The Court thus looked to whether the Stonewall policy expressly made notice a condition precedent to coverage. The pertinent provision in the Stonewall policy reads:

When an occurrence takes place which, in the opinion of the insured, involves or may involve liability on the part of the company, prompt written notice shall be given by or on behalf of the insured to the company or its authorized agents. . . . Failure to so notify the company of any occurrence which at the time of its happening did not, in the opinion of the insured, appear to involve this policy but which, at a later date, appears to give rise to a claim hereunder shall not prejudice such claim provided notice is then given. For purposes of this policy, the word “opinion” shall mean informed opinion or opinion formed on advice of counsel.

According to the Court, this language did not expressly stipulate that compliance with the notice provision was a condition precedent to coverage. Further, the Court pointed out that the policy did not contain even a general provision stating that no action would lie against the insurer unless, as a condition precedent thereto, the insured fully complied with all terms of the policy. Thus, because the policy did not make coverage expressly conditional on timely notice, the Court concluded that Stonewall could only deny coverage by showing prejudice suffered as a result of the delay.

To make this showing, Stonewall contended that the late notice deprived them of the opportunity to timely investigate the soil contamination issue. The Court concluded, however, that this bare assertion was insufficient to meet Stonewall’s burden of showing prejudice as a matter of law. The Court reasoned that while excess carriers are indeed entitled to “timely” investigate claims for which they may ultimately be held liable, the notice obligations under excess policies are triggered by events distinct from those which trigger the notice duties under primary policies. Specifically, while an insured’s duty to notify its excess carrier is generally triggered by an assessment of whether its exposure is likely to exceed the ceiling of the underlying primary policy, the notice obligation under a primary policy is triggered by the insured’s actual or constructive knowledge of an occurrence that may result in liability.  Thus, the Court explained that an excess insurer will not automatically be entitled to an opportunity to investigate in the early days following an occurrence, as a primary carrier may often be. Accordingly, as an excess carrier, Stonewall was required to show more than a deprivation of its opportunity to immediately investigate the issue—an opportunity generally afforded only to primary insurers. For these reasons, the Court concluded that Plantation’s delay in notice did not preclude coverage under Stonewall’s excess policy.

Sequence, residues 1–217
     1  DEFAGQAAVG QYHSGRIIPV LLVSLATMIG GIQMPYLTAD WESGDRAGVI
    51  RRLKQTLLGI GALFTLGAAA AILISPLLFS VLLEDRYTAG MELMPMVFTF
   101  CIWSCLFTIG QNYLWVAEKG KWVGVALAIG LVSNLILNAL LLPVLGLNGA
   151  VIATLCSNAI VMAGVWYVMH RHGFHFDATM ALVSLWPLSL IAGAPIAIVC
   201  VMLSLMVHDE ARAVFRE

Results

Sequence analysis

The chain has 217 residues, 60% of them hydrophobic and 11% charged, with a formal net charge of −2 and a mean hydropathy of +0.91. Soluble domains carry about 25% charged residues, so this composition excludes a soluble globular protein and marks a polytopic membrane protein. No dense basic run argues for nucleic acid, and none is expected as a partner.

Over a strong dissent, the Court stressed that its ruling should not be construed to suggest that excess carriers are never entitled to timely notice or never prejudiced by untimely notice. Instead, the Court explained that such carriers must show prejudice with particularized evidence of harm, rather than bare assertions that an inability to promptly investigate an occurrence is inherently prejudicial. Nevertheless, excess carriers should be aware of this decision’s potential impact on their burden of showing prejudice in cases of delayed notice. In addition, this case highlights the importance of including express language in primary and excess liability policies to make timely notice a condition precedent to coverage.